Dr Christopher Portier, Chairman of the IARC working Group, stated that “The scientific evidence was compelling and the Working Group’s conclusion was unanimous: diesel engine exhaust causes lung cancer in humans.” Dr Portier continued: “Given the additional health impacts from diesel particulates, exposure to this mixture of chemicals should be reduced worldwide.“ Dr Kurt Straif, Head of the IARC Monographs Program, indicated that “The main studies that led to this conclusion were in highly exposed workers. However, we have learned from other carcinogens, such as radon, that initial studies showing a risk in heavily exposed occupational groups were followed by positive findings for the general population. Therefore actions to reduce exposures should encompass workers and the general population.”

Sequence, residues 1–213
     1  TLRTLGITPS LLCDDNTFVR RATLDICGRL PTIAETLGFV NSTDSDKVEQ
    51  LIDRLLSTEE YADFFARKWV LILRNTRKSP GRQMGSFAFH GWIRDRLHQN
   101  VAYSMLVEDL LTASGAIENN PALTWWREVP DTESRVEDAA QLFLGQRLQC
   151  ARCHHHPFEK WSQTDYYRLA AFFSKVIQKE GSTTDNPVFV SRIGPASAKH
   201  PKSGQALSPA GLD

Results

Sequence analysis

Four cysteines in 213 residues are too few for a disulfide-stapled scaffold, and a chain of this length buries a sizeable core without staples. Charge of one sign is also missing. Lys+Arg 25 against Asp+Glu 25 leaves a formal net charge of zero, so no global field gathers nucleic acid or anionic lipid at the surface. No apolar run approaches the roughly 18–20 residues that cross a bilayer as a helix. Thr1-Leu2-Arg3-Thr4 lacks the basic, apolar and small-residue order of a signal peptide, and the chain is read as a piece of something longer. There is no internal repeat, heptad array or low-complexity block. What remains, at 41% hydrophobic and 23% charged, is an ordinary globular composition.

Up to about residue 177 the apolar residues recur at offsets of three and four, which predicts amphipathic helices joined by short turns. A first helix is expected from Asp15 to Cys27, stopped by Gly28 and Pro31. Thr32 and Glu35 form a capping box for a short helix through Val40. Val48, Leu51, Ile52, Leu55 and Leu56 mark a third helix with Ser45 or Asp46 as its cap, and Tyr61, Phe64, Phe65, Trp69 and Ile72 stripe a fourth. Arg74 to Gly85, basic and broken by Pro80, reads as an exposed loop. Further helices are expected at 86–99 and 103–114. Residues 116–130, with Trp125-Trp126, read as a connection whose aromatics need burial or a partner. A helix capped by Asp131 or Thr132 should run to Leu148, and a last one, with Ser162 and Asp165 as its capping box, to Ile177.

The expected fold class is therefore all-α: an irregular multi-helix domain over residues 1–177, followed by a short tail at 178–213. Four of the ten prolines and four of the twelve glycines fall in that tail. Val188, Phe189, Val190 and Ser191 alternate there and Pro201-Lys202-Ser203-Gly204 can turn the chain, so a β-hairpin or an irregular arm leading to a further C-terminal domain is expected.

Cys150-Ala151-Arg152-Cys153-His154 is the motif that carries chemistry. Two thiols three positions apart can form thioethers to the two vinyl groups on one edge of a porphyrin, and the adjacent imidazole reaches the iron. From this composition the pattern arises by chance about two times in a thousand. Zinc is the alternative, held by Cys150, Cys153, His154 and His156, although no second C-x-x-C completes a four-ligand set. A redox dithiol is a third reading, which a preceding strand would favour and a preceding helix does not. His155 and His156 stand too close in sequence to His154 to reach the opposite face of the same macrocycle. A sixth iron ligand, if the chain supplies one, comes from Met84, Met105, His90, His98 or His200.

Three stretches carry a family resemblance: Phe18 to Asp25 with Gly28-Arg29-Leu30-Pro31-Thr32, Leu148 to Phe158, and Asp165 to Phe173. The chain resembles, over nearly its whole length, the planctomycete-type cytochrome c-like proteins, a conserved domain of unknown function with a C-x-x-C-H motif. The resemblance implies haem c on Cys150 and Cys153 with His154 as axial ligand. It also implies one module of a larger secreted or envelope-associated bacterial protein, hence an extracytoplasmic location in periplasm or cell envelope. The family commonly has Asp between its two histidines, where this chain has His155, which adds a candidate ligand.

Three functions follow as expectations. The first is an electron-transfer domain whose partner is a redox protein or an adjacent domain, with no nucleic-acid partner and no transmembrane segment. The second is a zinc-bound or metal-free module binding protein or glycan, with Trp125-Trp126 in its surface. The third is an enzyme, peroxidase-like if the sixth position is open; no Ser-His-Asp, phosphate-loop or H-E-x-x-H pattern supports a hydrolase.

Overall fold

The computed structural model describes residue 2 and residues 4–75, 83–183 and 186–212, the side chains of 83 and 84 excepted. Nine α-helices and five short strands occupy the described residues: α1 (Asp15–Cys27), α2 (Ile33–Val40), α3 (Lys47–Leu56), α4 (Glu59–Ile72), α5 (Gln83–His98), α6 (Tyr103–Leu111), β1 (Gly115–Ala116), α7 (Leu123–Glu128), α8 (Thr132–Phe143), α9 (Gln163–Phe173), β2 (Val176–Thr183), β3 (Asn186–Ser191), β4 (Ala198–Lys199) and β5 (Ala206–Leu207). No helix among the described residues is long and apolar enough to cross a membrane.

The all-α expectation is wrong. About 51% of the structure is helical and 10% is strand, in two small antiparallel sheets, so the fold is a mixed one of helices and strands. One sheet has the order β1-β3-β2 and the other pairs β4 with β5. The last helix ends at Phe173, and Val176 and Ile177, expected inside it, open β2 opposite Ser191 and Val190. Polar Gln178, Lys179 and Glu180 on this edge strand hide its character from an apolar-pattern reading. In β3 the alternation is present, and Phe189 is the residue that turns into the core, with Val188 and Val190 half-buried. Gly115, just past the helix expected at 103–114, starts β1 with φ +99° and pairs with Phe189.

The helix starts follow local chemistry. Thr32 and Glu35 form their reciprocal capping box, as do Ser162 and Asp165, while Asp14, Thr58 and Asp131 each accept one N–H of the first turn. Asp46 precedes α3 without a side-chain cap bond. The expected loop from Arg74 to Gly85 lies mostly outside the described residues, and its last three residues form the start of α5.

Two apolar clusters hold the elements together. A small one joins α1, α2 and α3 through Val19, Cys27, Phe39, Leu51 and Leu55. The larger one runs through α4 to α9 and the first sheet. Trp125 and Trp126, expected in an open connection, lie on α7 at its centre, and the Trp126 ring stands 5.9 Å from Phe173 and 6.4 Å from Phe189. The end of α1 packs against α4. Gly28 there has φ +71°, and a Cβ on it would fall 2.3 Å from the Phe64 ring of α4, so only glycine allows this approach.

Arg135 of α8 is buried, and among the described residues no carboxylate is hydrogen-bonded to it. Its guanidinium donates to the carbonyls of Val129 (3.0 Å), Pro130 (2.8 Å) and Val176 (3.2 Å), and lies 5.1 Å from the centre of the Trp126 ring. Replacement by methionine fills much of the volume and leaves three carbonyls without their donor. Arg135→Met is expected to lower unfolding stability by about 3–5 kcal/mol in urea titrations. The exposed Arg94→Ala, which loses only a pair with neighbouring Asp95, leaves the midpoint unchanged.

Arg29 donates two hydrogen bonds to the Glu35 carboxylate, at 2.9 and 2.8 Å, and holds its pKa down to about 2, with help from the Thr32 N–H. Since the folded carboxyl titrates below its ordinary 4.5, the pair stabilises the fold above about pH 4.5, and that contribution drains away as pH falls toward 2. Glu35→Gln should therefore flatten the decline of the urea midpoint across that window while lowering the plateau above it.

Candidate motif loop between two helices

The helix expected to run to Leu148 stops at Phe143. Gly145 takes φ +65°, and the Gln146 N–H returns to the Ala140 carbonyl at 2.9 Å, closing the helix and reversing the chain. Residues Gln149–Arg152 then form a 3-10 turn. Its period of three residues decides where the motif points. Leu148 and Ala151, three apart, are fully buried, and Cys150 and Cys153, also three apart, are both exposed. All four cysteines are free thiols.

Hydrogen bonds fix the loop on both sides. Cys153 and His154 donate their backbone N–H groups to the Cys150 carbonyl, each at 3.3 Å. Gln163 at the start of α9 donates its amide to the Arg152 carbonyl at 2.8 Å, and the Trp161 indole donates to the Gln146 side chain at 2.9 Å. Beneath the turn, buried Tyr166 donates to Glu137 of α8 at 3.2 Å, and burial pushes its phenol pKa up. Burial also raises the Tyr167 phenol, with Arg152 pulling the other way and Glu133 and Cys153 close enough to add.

Dr Christopher Wild, Director, IARC, said that “while IARC’s remit is to establish the evidence-base for regulatory decisions at national and international level, today’s conclusion sends a strong signal that public health action is warranted. This emphasis is needed globally, including among the more vulnerable populations in developing countries where new technology and protective measures may otherwise take
many years to be adopted.”
For over 3 decades the Law Offices of Jon L. Gelman 1.973.696.7900 email@example.com have been representing injured workers and their families who have suffered work related accident and injuries.